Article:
How fair are college admissions?

Money talks, and colleges listen


Courtesy of the official Full House Facebook page.

By Ana Pietrewicz, Collegian Columnist

It appears Aunt Becky has forgotten the family values her character attempted to instill on “Full House.”

In case you haven’t heard, actress Lori Loughlin is one of 50 wealthy people whom the FBI has charged with participating in a multimillion-dollar bribery scheme which enabled their not-so-academically gifted children to attend prestigious universities. If you want to read all the gory details of how, according to U.S. Attorney Andrew Lelling, the “largest-ever college admissions scam” came to be, I recommend this article from the Washington Post. It involves fraudulent athletic profiles, corrupt collegiate coaches and lots and lots of money.

I’m not really here to talk about money greasing the palms of admissions counselors. It’s no secret that money talks, and colleges listen. Wealthy families have long made donations and grants to universities in order to secure acceptance for their children. How else did Jared Kushner receive admission to Harvard? Shortly after a donation of $2.5 million made by his father Charles Kushner, young Jared Kushner was accepted to join the ranks of elite academia.

No, it’s not the money that people are upset or shocked about. It’s the attitudes of the entitled children admitted to these universities. Here is a clip from one of “influencer” Olivia Jade’s YouTube videos where she says in her time at the University of Southern California she wants, “the experience of game days and partying…[she doesn’t] really care about school.” So it seems like mother Loughlin could have saved her $500,000 and given Olivia’s coveted USC admission spot to a more deserving student. After all the discussion about affirmative action, this feels like another slap in the face to students who actually work hard for and during their college careers.

Fellow Daily Collegian columnist Bhavya Pant wrote an excellent article back in January detailing the many problems with affirmative action. She brings up a point which I wholeheartedly agree with: when first implemented, affirmative action policies intended to promote diversity at colleges and universities across the nation, but now those same policies are harming the same groups they once helped. As an example, look to the lawsuit Harvard is facing from Asian-American students – the Ivy League university was accused of denying Asian-American students admission due to their diversity quotas, despite the fact that Asian-American students consistently had a higher academic performance than admitted students of other races.

Campus diversity has increased nationally since affirmative action policies were implemented, and I am of the belief that they should now be reformed in order to create a truly unbiased college admissions process. Colleges and universities should still promote a diverse campus in their admissions process, but they should do so in a way that rewards hardworking, well-rounded students as opposed to focusing on reaching certain quotas. If race and gender are not considered in admissions decisions, the amount of bribery that a prospective student’s parents can afford to pay the institution should not be considered either. It’s possible to comprehend that some colleges could take money into account when admitting students – at the end of the day, colleges are businesses – but it is reprehensible that the lackluster, disinterested children of the wealthy are permitted to attend prestigious universities because they bribed college officials.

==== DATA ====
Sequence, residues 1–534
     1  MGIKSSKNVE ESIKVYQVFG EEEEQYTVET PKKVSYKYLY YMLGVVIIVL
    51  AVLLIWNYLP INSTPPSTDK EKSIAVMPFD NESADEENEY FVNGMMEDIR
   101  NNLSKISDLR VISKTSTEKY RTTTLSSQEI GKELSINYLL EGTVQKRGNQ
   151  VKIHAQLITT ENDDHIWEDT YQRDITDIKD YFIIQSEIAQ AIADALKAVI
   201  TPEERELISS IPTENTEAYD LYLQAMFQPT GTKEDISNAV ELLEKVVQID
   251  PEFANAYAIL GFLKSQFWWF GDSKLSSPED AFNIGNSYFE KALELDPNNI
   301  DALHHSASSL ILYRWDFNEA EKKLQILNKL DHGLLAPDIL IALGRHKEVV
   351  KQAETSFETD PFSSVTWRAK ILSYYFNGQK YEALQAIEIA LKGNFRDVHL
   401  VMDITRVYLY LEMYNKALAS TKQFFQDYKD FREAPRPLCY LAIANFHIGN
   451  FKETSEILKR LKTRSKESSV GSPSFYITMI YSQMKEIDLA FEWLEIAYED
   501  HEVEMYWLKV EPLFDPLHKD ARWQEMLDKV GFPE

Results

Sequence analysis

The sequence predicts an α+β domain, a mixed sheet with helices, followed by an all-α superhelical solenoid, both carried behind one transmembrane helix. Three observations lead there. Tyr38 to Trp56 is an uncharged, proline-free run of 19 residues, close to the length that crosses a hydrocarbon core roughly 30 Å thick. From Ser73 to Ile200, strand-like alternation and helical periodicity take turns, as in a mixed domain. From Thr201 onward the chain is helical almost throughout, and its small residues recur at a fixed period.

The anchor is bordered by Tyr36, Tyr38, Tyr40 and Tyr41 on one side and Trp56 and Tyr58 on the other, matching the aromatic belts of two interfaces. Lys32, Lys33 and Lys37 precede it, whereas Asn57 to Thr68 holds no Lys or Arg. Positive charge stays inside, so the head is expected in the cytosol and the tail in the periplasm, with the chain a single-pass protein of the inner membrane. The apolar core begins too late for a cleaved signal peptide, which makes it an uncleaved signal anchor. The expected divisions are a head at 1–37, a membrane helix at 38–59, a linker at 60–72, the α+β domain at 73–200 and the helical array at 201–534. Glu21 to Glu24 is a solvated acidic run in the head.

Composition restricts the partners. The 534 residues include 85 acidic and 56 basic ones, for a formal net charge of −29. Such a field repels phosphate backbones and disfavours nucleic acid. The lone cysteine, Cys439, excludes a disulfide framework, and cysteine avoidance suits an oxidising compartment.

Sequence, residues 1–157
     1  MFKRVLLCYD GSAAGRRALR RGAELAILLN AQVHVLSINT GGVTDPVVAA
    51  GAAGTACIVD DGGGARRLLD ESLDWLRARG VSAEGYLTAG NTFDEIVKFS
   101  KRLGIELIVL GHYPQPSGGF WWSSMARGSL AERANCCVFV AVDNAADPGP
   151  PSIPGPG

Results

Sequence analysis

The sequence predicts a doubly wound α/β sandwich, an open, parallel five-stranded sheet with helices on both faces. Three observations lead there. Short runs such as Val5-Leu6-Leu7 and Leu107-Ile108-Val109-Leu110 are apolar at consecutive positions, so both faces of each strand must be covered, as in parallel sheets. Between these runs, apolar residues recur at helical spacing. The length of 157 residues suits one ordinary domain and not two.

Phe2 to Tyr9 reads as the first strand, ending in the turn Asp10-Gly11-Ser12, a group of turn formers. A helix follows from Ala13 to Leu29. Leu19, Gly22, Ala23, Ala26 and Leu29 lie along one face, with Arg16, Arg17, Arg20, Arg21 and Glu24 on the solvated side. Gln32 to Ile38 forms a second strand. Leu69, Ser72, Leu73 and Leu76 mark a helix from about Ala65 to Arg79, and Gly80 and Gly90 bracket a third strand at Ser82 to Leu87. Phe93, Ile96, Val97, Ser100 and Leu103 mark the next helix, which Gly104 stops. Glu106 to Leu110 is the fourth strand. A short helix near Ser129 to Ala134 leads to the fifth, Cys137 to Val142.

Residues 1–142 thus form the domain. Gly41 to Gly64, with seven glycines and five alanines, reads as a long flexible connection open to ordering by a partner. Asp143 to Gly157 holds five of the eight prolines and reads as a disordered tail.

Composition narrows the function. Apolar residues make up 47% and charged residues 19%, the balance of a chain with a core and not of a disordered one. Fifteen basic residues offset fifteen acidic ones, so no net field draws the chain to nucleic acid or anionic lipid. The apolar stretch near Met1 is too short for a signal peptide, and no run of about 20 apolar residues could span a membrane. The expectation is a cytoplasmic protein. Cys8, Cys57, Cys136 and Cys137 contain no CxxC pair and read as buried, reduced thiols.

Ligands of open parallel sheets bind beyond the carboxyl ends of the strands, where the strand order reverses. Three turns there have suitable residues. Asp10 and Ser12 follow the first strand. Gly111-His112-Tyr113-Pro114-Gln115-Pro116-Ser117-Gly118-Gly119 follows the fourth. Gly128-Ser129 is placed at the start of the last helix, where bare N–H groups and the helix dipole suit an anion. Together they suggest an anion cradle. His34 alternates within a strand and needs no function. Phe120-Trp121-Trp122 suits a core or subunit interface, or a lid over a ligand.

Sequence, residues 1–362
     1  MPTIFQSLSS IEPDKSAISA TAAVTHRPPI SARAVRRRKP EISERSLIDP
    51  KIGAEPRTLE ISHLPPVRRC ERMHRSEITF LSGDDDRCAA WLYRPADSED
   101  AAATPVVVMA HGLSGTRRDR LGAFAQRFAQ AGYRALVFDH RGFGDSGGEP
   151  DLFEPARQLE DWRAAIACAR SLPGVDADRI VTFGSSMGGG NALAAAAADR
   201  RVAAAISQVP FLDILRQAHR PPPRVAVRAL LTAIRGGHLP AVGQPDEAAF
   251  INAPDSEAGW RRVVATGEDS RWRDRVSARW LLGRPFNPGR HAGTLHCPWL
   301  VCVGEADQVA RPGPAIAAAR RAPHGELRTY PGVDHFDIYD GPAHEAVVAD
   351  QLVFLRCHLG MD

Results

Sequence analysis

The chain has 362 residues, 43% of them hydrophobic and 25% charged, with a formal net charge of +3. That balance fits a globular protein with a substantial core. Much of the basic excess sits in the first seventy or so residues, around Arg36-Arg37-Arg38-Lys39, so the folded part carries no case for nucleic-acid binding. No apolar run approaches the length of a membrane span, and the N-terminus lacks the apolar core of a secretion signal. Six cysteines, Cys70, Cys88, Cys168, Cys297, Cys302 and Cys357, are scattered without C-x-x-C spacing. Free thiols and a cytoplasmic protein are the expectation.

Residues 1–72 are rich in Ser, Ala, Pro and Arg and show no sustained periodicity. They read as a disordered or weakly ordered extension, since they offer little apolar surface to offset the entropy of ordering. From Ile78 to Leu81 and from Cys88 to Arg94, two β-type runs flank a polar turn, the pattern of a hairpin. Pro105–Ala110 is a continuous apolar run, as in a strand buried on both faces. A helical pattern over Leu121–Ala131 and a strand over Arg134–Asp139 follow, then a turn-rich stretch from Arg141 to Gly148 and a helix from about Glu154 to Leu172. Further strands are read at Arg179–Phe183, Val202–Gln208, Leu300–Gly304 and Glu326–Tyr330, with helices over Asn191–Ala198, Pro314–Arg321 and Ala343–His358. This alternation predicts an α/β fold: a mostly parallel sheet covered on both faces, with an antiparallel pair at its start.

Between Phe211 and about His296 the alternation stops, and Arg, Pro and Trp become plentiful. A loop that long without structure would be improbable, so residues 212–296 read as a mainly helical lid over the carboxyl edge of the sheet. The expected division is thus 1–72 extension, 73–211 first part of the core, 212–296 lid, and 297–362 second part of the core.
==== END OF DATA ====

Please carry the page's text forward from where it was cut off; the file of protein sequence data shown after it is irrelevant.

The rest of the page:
The rhetoric is repeated throughout a student’s academic career that if they work hard, they can achieve their dreams. So what do hardworking students do with a system that rewards people who can simply buy their way into school? Many college students are not able to pick and choose between schools and are forced to decide which institution they will attend based mainly on the financial aid they receive. When colleges accept bribes, they undermine the intelligent students who may not be as financially privileged.

The admissions scandal also undermines the work of student athletes – many of the families involved fabricated entire athletic profiles in order to legitimize their attendance at the universities, going so far as to photoshop faces onto the bodies of different athletes. The students in question had little to no experience with the sports they allegedly played, let alone experience at a collegiate level. These students potentially took coveted spots on sports teams from actual athletes, athletes who are actually willing to work hard both physically and mentally in order to stay in good standing with their schools and who might not have otherwise had a chance to attend these prestigious institutions.

This entire scandal has opened up discussion around perceived fairness in the college admissions process. If prospective students can just buy their way in, then where does that place other hopeful applicants? What is the standard for admissions? What should students work toward? Colleges and universities should be transparent and fair in their admissions process and maintain an academic standard in order to ensure fairness for all applicants. Every hardworking student who wants to pursue higher education should have a chance to do so.

Ana Pietrewicz is a Collegian columnist and can be reached at [email protected]